Some pics thrive despite arriving at the wrong time
Considering the lead time it takes to make a movie, it’s bound to happen: Films arrive at a time when their central concern — or something of concern to the characters — no longer seems to speak to the current moment.
But does that mean they’re really outside the cultural zeitgeist?
Take “Revolutionary Road,” for example. At a time when people are desperate to keep their homes and jobs, here is a story about a 1955 suburban couple feeling trapped by their house and even more so when the husband gets a promotion.
But while scripter Justin Haythe admits that “Revolutionary Road” is very much about its time period (the 1950s), he adds, “I’ve never come across a story that comes to one of the essential truths of being alive, which is how do you deal with growing up and not necessarily having the kind of life you planned for yourself? It’s the reason why some people find the book so troubling, because it feels like a mirror to a lot of the self-delusions we use to justify our disappointments or justify why we’re not where we’d hoped we would be. And I think those things haven’t aged at all.”
“Gran Torino,” for its part, is a throwback in some ways. It has the gritty feel of a 1970s movie and is about a racist in the Archie Bunker mold, but comes out after America has elected a biracial president and the kind of overt racism depicted in the film has been marginalized.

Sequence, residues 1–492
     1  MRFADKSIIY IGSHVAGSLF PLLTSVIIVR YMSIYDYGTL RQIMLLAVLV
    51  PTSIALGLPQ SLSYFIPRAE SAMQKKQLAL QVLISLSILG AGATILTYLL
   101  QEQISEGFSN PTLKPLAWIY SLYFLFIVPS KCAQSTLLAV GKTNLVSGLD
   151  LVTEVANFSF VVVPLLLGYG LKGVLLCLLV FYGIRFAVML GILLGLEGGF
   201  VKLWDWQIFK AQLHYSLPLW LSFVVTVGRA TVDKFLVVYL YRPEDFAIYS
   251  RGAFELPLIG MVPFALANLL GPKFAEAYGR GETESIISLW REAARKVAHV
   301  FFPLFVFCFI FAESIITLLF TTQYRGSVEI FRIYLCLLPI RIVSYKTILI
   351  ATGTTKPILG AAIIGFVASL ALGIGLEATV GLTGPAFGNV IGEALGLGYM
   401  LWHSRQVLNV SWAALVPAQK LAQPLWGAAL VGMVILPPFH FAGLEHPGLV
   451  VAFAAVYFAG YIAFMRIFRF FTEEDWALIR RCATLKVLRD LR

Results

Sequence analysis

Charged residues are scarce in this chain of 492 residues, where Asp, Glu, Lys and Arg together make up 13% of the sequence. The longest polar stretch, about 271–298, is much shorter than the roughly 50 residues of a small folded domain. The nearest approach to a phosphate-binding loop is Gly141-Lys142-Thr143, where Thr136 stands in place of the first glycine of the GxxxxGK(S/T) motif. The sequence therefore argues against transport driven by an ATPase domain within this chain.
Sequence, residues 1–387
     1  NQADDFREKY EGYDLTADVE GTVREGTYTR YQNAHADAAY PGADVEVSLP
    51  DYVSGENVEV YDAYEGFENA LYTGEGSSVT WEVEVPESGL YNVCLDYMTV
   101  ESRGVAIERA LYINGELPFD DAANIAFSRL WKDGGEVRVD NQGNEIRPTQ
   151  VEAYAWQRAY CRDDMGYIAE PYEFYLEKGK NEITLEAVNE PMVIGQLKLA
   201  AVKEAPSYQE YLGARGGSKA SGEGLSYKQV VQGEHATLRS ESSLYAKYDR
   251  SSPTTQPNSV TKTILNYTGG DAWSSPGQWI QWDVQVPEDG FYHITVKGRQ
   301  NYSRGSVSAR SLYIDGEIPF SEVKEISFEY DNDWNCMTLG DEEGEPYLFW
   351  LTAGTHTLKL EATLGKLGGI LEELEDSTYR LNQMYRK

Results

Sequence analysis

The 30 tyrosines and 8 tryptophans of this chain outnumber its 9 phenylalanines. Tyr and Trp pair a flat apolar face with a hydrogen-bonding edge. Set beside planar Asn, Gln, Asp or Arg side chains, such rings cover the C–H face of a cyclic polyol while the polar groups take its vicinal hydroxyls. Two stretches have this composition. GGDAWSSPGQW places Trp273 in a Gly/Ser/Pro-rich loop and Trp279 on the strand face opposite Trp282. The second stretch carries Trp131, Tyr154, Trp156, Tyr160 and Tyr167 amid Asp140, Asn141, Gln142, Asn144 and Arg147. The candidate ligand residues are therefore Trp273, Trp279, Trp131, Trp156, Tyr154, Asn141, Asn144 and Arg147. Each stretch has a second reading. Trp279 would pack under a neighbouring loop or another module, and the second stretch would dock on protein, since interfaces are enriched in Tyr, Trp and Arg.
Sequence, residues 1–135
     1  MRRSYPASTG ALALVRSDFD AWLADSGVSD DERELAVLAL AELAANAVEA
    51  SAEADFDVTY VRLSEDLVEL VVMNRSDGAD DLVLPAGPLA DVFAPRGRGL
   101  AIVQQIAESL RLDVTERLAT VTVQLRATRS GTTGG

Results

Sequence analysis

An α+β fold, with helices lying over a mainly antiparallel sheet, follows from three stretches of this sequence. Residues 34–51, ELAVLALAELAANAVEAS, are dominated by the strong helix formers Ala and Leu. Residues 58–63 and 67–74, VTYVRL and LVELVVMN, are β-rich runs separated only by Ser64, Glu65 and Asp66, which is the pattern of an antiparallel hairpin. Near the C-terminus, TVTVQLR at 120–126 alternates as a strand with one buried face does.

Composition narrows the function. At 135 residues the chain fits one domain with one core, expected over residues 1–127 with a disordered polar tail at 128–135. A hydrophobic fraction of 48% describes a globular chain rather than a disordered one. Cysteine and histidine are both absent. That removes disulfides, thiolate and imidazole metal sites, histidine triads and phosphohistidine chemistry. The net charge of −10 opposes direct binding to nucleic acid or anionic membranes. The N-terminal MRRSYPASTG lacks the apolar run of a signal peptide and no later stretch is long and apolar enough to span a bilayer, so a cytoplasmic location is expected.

Scribe Nick Schenk says “Gran Torino” is timely precisely because of this historical moment. “I mean with Obama getting in,” he says, “which is just this beautiful, beautiful thing — I mean the race thing — to me this movie is putting a lot of that stuff to rest.”
Then there is “Doubt,” which arrives four years after the stage version and almost a decade after the pedophile-priest scandals broke open. By now, the extent of the abuse in the church is so thoroughly established that it’s easy for the audience to get on the side of Sister Aloysius, the nun played by Meryl Streep, instead of feeling torn between her and Phillip Seymour Hoffman’s Father Flynn.
But for writer-director John Patrick Shanley, that doesn’t really matter, since condemning pedophile priests is such a no-brainer.
“I wasn’t really interested in the scandals in the church,” he says. “My preoccupation is that you can never know, and you have to learn to live with a certain degree, perhaps a very high degree, of uncertainty in order to function as a living, reactive presence in society.”